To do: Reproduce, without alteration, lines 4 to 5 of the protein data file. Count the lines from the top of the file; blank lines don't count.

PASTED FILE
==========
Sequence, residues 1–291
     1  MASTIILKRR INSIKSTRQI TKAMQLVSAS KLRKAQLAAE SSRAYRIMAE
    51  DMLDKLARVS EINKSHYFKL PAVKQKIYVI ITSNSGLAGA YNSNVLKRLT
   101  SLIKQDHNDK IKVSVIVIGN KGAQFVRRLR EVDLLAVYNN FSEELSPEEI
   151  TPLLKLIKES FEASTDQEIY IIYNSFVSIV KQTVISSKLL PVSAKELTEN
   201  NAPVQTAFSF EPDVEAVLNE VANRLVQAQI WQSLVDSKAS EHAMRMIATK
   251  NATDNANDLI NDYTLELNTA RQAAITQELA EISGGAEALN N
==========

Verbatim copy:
   101  SLIKQDHNDK IKVSVIVIGN KGAQFVRRLR EVDLLAVYNN FSEELSPEEI
   151  TPLLKLIKES FEASTDQEIY IIYNSFVSIV KQTVISSKLL PVSAKELTEN